We all know, this isn’t necessarily true. With the rise of jobs that can be done remotely with just a laptop and the meteoric rise in remote-enhancing tools like Slack and Zoom, whether you’re working for a company, large or small or even as a freelancer, people are realizing that their role or their job can be done from anywhere. In fact, we think you’ll see a boost in productivity. Think about it - minimal distractions away from chatty colleagues, office noise plus no commute equals getting things done. Factor in changes of scenery and we think that this is the best recipe for remote work success.
This tweet from remote advocate and founder of Firstbase, Chris Herd, says it best. You can work anytime, anywhere. You can gain back lost hours and focus on the things you want to do outside of work. This includes travel.
Who could argue with that? Whether you’re working from a countryside farmhouse in the US, a cafe in Penang, Malaysia or from the beach in Hvar, Croatia, if you have access to your computer, to relatively-fast WiFi and can accommodate timezones for online meetings and typical office hours (within reason), there should be no need to stress about trying to convince your boss that this is a good option. In fact, they should be more concerned about your overall happiness as a remote worker.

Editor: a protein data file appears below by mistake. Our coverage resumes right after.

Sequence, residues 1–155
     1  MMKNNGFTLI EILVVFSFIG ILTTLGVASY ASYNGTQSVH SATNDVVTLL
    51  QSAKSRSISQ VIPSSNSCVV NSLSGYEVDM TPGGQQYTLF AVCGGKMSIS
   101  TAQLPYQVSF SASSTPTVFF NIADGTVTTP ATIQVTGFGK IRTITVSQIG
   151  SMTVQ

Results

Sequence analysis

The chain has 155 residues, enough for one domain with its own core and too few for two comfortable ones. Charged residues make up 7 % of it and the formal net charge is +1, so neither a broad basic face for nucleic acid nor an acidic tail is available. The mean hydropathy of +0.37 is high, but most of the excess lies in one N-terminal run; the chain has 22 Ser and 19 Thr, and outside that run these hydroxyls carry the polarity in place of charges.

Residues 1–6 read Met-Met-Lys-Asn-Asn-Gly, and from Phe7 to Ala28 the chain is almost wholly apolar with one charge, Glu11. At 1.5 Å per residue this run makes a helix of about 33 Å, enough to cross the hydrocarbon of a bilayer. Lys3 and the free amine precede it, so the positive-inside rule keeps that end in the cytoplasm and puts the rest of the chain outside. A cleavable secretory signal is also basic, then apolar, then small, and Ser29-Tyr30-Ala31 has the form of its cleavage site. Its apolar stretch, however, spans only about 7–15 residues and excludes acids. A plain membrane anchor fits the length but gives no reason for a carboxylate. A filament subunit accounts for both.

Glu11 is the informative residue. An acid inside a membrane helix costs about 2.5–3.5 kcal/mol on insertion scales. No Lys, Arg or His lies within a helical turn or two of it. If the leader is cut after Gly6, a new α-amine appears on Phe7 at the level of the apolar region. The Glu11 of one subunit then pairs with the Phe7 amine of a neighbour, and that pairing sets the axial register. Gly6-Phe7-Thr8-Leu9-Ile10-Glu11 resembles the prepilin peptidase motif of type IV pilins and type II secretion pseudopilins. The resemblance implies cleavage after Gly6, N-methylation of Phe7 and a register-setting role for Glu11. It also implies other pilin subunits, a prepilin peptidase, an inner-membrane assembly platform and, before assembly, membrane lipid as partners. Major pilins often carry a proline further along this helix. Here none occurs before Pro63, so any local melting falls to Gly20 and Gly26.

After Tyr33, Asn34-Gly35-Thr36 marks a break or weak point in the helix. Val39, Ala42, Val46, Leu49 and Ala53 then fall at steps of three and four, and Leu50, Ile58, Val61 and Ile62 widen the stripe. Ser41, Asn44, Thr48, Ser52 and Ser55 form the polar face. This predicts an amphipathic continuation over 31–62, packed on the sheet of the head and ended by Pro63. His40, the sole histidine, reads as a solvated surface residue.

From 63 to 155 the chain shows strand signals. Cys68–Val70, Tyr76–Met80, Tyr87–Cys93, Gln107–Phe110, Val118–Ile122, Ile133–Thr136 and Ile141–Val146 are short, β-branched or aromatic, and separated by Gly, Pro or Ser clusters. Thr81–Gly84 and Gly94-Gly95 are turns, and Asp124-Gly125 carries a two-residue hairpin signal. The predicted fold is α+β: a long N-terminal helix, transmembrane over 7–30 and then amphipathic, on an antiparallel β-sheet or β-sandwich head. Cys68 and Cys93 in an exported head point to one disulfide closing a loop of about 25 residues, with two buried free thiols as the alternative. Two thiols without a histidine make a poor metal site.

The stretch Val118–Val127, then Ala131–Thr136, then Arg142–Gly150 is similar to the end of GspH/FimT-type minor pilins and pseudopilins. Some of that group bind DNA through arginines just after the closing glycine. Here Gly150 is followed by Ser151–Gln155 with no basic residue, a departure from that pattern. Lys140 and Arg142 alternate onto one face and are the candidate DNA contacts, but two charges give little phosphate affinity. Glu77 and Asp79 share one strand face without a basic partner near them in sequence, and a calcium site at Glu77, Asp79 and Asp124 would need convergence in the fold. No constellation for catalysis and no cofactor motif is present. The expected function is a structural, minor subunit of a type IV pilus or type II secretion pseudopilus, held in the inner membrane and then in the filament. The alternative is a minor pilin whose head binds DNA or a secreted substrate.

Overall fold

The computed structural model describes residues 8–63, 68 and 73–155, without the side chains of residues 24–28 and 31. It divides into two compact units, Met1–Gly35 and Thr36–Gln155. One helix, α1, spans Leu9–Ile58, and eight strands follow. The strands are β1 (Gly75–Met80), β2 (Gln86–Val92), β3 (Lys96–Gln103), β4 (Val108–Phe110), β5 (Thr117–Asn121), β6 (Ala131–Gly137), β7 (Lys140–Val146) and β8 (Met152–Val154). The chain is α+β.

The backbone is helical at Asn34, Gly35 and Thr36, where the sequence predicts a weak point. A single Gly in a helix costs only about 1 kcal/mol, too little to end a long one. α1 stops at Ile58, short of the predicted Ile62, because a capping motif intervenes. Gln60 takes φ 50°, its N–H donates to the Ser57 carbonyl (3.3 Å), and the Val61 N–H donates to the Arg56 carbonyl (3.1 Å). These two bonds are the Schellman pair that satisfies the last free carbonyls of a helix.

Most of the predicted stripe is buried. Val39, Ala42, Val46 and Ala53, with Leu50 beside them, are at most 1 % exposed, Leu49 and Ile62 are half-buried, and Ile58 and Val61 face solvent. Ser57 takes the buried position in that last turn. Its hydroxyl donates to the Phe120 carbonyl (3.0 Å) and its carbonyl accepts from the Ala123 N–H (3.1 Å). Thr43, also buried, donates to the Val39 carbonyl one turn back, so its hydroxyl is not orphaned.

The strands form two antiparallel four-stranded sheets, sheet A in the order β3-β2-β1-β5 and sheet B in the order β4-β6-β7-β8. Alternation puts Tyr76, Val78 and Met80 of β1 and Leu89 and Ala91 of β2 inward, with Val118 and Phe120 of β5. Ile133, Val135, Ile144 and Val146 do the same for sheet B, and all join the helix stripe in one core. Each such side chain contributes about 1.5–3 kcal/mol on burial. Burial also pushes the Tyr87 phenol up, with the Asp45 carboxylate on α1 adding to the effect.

To us here at broadn, we think it’s a win-win. Businesses can save money on office space, and other budget-depleting items. Employees get the freedom of reducing their commute times and getting to choose where they live and work. Whether that’s setting up a residence in one place or floating around, taking advantage of Airbnb and coliving situations. Grabbing an apartment in a cheaper city than where headquarters is set up could make sense for you or just giving up your permanent apartment, living as frugally as possible while hopping countries might be the ticket.
Certainly, the costs of remote work don’t outweigh the benefits here. Remote work is the way to go. The flexibility to work wherever can’t be understated. Of course, sometimes you’ll miss the interaction and collaboration that you get when in an office. You miss the free coffee, team outings, and other perks of being in the office. But you’ll get to show your boss that as long as you’re getting your work done, meet deadlines and you can show positive results and are still able to collaborate with teammates and interact with clients as need be, this lifestyle endeavor is possible and is optimal.